Jennifer Roback Morse of the Ruth Institute, an affiliate of the National Organization for Marriage, has an interview with the National Catholic Register that shows just how utterly dishonest wingnuts can be in framing the issues they care about. Some of the rhetoric is simply inane:
Which groups have been pushing this sexual revolution?
A mix of people have promoted it: population controllers (who think there are too many poor people); hipsters (who just want to be libertines); radical feminists who think babies are keeping women from being “equal.” All these groups have one thing in common: They’re controlled by elites, people who want to re-create the world in their own image.
Hipsters? Really? And “elites”? Is there any word more casually thrown around without definition than “elites”? It seems to be used mostly to mean “anyone who disagrees with me.”
The sexual revolution promised freedom and fun. Yet you say it was — and is — a totalitarian movement. Why?
Because its goal — to separate sex from reproduction and both from marriage — is impossible. When men and women have sex, babies have a way of appearing. So the government has to step in and control people’s behavior and even people’s thoughts about what’s possible, desirable and realistic. The HHS mandate is just one example of the government stifling dissent by essentially saying: “This society will be built around contraception, and there will be no dissent from that.” That’s one example of totalitarianism coming straight from the government and literally shutting down people who disagree.
You call another group of sexual-revolution victims, who bought into the sexual revolution only to discover its promises of fun and freedom are false, “the heartbroken career women.”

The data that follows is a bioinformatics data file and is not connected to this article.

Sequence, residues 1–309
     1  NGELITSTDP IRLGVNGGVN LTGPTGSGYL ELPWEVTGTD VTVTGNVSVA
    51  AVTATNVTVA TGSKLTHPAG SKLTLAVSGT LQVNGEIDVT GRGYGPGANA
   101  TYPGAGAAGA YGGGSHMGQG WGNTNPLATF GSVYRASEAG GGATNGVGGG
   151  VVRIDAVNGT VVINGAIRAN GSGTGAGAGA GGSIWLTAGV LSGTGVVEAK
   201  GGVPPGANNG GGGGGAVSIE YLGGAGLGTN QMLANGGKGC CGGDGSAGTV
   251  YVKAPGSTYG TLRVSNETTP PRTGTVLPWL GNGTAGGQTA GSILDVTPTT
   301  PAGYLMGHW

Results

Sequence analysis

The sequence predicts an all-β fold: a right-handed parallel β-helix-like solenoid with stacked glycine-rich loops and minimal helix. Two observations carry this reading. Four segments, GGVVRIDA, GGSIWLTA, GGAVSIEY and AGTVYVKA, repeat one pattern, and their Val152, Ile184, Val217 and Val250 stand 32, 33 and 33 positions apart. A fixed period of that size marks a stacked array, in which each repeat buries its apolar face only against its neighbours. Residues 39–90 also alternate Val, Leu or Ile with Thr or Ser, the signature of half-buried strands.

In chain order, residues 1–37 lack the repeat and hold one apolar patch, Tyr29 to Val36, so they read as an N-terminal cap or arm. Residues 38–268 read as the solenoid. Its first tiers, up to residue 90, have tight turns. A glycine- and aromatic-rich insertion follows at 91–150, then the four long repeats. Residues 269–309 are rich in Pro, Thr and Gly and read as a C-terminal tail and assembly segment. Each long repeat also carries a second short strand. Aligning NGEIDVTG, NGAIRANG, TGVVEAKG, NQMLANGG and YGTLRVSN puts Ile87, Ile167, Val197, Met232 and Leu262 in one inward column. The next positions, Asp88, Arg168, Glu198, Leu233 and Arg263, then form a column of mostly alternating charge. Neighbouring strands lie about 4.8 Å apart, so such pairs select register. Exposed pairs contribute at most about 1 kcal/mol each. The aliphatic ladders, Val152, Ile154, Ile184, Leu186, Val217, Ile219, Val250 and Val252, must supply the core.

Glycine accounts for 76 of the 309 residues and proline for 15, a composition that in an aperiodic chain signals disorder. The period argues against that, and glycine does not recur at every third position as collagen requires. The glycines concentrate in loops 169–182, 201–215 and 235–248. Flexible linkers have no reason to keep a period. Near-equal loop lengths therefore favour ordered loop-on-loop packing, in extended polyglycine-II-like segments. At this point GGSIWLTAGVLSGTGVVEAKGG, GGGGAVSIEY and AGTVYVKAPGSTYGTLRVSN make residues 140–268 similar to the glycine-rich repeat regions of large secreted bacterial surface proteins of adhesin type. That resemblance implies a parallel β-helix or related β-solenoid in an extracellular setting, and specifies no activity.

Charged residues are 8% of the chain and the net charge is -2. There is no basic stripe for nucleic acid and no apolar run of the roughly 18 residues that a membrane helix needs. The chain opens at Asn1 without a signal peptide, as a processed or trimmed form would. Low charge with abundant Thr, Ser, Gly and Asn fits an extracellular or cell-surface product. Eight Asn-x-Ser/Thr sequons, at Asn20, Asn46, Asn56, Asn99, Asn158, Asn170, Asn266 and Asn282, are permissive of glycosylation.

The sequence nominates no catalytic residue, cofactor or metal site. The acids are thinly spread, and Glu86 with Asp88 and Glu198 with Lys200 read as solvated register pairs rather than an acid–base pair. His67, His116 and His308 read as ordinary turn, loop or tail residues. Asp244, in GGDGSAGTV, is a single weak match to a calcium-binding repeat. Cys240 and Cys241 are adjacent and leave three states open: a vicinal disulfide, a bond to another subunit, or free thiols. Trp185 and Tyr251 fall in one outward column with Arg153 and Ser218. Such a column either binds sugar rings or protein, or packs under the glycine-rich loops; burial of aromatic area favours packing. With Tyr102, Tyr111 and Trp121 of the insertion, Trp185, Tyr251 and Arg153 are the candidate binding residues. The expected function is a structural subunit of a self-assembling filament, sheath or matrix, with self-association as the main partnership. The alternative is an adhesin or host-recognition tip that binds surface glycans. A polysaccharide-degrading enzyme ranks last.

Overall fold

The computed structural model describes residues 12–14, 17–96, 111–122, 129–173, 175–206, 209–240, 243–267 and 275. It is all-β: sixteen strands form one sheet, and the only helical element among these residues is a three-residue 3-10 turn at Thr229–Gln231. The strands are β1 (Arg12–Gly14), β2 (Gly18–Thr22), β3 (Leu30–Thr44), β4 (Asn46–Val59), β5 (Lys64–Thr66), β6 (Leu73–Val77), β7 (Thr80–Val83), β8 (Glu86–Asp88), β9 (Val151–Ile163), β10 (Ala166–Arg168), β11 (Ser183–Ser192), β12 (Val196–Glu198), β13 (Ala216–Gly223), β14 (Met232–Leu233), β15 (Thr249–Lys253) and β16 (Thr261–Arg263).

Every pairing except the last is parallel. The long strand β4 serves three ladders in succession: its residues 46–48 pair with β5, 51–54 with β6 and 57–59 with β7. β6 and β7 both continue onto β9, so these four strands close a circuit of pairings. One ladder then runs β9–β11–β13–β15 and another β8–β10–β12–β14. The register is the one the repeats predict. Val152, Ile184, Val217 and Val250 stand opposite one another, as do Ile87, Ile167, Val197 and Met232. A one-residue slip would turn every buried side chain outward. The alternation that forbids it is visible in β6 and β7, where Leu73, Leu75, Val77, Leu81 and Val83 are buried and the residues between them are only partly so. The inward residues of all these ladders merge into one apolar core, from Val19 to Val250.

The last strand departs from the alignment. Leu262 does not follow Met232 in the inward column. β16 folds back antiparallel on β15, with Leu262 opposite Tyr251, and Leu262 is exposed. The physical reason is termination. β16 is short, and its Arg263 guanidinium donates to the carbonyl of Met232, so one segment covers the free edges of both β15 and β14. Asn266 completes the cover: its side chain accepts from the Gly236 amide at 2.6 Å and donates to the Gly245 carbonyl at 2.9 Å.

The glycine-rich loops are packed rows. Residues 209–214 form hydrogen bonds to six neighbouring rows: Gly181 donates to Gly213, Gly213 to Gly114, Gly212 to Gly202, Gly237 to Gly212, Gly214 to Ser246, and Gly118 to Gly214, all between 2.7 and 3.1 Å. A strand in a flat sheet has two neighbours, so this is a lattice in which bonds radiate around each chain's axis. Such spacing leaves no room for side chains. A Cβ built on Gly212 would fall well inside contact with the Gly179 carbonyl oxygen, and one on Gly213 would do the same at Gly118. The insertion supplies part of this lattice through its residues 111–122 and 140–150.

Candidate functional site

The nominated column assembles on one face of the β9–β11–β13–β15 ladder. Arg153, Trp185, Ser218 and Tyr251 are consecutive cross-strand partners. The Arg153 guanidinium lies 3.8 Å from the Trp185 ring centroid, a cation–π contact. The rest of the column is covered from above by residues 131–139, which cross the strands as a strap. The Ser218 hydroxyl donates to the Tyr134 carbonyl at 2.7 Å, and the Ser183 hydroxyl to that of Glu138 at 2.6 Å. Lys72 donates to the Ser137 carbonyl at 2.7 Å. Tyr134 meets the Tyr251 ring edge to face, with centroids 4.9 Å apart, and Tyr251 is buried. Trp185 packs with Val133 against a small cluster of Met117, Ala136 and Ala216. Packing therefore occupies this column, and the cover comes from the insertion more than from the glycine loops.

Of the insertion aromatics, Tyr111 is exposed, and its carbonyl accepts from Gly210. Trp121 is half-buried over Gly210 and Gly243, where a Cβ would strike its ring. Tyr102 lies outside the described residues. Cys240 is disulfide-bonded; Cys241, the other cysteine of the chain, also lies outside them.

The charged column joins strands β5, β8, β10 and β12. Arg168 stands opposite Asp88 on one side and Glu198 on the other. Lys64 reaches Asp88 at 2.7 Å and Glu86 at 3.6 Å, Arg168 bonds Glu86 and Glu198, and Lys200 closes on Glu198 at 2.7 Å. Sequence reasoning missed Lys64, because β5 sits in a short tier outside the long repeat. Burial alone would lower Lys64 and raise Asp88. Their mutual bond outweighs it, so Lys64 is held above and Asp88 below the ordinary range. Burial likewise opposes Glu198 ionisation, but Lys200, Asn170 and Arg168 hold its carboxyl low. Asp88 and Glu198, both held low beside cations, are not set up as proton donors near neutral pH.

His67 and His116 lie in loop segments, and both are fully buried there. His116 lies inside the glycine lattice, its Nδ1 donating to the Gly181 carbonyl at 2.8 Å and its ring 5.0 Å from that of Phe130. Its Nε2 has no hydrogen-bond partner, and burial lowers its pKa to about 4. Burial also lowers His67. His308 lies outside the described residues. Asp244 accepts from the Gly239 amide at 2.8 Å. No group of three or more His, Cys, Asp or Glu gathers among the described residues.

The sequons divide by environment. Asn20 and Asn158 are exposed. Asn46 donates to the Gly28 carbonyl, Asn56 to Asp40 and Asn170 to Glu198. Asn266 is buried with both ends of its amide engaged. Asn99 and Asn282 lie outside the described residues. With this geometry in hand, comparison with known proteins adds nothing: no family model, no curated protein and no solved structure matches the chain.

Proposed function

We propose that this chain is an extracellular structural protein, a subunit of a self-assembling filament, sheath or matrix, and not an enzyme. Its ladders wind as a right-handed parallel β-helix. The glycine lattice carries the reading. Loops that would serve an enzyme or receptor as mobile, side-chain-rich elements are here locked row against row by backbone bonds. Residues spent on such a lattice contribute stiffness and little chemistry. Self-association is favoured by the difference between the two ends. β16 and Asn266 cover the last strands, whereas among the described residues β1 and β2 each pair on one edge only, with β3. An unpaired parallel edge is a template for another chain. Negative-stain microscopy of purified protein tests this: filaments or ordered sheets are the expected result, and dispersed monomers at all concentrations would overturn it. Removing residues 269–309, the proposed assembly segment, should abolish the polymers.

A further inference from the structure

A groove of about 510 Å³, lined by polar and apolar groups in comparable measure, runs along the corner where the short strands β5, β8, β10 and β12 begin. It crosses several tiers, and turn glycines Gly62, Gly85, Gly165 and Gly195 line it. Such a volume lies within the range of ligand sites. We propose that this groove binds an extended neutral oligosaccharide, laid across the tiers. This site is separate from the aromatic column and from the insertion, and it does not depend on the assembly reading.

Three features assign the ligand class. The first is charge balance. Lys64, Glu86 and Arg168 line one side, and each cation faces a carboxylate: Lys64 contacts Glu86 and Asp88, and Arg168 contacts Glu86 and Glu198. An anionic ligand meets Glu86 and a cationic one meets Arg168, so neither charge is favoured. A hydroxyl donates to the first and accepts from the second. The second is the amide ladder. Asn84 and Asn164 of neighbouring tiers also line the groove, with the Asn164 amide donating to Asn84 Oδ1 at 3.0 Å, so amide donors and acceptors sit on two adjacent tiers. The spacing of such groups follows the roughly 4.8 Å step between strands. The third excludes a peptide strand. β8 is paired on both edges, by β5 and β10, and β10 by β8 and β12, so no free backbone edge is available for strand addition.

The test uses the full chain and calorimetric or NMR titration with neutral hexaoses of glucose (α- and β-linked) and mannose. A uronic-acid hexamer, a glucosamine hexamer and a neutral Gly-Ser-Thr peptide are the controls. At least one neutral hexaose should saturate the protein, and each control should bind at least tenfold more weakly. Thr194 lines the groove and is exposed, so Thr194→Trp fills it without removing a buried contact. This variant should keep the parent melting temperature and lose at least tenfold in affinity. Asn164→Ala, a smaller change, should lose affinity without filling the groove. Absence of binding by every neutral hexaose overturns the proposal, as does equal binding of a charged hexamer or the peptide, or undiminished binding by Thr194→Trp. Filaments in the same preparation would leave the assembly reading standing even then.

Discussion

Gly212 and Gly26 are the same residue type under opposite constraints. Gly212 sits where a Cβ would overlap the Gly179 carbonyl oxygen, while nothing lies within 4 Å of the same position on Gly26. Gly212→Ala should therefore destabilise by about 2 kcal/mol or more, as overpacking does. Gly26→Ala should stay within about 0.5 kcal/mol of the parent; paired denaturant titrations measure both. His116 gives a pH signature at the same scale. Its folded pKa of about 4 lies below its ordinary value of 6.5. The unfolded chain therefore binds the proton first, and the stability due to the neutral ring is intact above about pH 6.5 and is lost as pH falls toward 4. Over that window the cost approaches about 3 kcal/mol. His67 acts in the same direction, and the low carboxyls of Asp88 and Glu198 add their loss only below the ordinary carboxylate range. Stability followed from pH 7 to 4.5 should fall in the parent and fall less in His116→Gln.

These women are also all around us, but we simply don’t see them. [Culture says] the entry fee into the professions for women is that you chemically neuter yourself during your peak childbearing years in your 20s — and if you have an “accident,” you get an abortion.
By the time a woman figures out, “If I have no children, that’s going to be terrible for me,” she’s 35. The in vitro fertilization industry is making huge profits off people’s infertility problems, which often happen because women put off having kids for so long they can’t do it naturally anymore.
And yet when that woman is a lawyer, college professor, TV news anchor or some other professional, she’s going to dig in her heels and defend the sexual revolution, because her life is literally built around it. We want to help this type of woman “connect the dots” and see that she has been victimized because she built her life around the lies.
I’ve got new for you, Jennifer — those women tend to think you’re completely full of shit. They like having the option to choose whether to get married and have kids right away, to put off having kids until later, to not have kids at all, and whatever other option they choose to exercise. They have this radical idea that they’re the ones who get to decide what’s best for them, not you. Crazy, I know.